North Carolina, also known as “The Old North State” and “The Tarheel State” is a long state. It’s been said it stretches approximately 500 miles between its eastern and western boundaries and close to 150 miles from its northern to southern borders. It's divided into three primary areas. From the coast, you have the Eastern North Carolina portion, the Piedmont Region in the middle, and Western North Carolina with it's mountains at the western end.
If you begin your journey from the far eastern portion, you will start at the ancient, sandy, dune laden barrier islands of the Outer Banks where one of the earliest attempts at settlement by English speaking people occurred, cross navigable sounds and tributaries and through lowlands with stands of pines, across forests of hardwoods in the Piedmont, and on into the mountains of the western part of the state.
Along this journey, you will find places frequently visited by migratory flocks of birds, through areas of wetlands and forests with yet other species of birds and wildlife. Continue on through the piedmont with its river basins, and into some of the oldest, and tallest, mountains to be found in the eastern part of the United States. Across this entire expanse, expect to find many different types and species of birds and wildlife. Some here from the beginning and some once thought to be gone that are being reintroduced such as Elk and Wolves.
North Carolina offers many unique, and varied, opportunities to enjoy nature and add to your birding life list. It is truly a land of variety.
For a state with 481 different species of birds reported according to eBird , it’d be very hard to pin down just a few “notable” species. The sheer volume of species seen is notable in, and of, itself. To give you an idea of a cross-section of birds that have been found to be present in North Carolina consider these, as reported to eBird.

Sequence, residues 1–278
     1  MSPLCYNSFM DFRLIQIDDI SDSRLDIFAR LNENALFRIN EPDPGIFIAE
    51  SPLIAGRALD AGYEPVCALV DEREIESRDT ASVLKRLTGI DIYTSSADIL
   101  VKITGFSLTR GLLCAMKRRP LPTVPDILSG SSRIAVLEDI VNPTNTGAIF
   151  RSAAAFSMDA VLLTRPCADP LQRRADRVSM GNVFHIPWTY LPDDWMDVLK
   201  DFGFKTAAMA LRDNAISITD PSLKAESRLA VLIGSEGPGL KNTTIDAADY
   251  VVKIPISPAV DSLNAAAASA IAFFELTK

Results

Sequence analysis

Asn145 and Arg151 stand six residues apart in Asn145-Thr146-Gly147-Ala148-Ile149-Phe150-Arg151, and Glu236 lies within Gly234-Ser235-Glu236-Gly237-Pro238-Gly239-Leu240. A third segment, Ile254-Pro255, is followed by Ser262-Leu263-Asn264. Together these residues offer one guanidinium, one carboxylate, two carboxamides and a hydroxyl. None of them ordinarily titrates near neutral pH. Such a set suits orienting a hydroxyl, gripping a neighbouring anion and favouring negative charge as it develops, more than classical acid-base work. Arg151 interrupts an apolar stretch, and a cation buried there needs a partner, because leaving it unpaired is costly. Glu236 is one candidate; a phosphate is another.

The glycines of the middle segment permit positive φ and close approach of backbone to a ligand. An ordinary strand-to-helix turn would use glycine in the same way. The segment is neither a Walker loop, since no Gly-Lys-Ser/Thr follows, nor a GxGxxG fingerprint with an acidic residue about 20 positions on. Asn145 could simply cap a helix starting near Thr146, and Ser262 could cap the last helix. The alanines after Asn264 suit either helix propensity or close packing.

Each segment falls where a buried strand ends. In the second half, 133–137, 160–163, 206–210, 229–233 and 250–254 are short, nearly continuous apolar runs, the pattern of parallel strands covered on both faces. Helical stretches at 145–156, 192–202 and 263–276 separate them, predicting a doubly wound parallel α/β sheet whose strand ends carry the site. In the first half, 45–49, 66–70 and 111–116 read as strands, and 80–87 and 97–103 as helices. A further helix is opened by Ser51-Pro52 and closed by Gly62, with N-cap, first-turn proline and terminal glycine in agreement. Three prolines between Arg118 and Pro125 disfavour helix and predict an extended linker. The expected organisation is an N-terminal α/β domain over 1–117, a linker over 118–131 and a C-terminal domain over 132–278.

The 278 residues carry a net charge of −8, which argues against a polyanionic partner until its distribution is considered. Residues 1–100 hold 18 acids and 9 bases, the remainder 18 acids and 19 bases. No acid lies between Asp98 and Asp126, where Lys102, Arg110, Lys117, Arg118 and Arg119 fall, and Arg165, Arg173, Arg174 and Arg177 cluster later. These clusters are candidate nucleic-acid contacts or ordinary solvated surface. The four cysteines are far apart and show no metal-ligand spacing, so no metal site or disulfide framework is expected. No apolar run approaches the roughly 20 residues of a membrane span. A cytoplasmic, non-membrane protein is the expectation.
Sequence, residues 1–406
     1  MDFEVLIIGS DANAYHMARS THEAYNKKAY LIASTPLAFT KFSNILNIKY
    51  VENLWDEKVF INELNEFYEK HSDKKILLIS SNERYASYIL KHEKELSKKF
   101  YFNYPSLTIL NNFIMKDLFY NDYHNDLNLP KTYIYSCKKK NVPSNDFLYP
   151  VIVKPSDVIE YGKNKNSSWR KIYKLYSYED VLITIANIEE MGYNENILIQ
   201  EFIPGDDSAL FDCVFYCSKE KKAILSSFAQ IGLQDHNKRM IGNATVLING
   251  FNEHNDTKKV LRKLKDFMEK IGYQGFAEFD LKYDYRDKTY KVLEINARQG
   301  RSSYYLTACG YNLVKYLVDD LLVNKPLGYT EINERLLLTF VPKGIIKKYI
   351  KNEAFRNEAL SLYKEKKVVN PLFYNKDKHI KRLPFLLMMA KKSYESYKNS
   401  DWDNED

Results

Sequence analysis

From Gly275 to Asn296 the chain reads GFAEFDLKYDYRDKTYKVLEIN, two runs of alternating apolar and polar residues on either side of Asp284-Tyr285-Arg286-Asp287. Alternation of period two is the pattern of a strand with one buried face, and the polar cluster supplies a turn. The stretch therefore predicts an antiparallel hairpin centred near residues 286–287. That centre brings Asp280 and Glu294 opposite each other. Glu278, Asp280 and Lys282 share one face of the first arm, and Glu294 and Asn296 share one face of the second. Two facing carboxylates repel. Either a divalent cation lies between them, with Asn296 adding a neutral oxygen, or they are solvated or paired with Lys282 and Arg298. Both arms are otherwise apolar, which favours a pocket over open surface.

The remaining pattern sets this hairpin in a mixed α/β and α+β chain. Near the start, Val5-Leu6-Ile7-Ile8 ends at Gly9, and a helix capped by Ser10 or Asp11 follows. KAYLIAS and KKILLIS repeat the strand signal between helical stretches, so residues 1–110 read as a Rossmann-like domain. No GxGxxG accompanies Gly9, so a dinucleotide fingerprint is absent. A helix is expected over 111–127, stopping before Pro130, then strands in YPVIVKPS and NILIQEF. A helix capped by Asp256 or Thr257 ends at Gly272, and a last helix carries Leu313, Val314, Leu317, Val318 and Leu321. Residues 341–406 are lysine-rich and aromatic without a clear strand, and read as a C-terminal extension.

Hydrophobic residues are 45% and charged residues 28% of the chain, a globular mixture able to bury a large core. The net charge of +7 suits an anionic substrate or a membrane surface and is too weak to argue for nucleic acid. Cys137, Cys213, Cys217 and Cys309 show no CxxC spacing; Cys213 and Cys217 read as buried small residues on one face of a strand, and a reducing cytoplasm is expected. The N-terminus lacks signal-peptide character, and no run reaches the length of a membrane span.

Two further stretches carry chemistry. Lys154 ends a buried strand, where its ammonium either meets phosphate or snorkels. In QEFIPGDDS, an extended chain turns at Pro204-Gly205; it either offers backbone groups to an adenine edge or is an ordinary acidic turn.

Along the Outer Banks, in Dare County, the Tree Swallow and Snow Goose are the top two reported species
In Eastern North Carolina in Edgecombe County, the Red-winged Blackbird and Common Grackle top the list. Further south in that region, Bladen County’s list is topped by the Ring-necked Duck and, again, the Red-winged Blackbird.
Moving into the Piedmont Region of North Carolina you will find the Red-winged Blackbird, as well as the Common Grackle, is abundant in the northern Piedmont county of Caswell. In the southern portion county of Stanly, the Ring-billed Gull and American Coot have been seen in abundance.
And the mountainous, Western North Carolina region’s Ashe County, the Common Grackle has again been an abundantly seen species as has the European Starling. Rounding out this end of the state, two abundant species seen in Swain County are, once again, the Red-winged Blackbird. Along with that is the American Robin.
This includes but 7 of North Carolina’s 100 counties spread from the ocean to the mountains.
- eBird. 2017. eBird: An online database of bird distribution and abundance [web application]. eBird, Cornell Lab of Ornithology, Ithaca, New York. Available: http://www.ebird.org. (Accessed: Date July 20, 2020).
- Used with kind permission of NCPedia/NC State Library - Rudersdorf, Amy. 2010. "NC County Maps." Government & Heritage Library, State Library of North Carolina.
- BirdForum Opus contributors. (2023) North Carolina. In: BirdForum, the forum for wild birds and birding. Retrieved 6 June 2023 from https://www.birdforum.net/opus/North_Carolina
Local Patch Report: North Carolina Birding
Pages in category ‘North Carolina’
The following 6 pages are in this category, out of 6 total.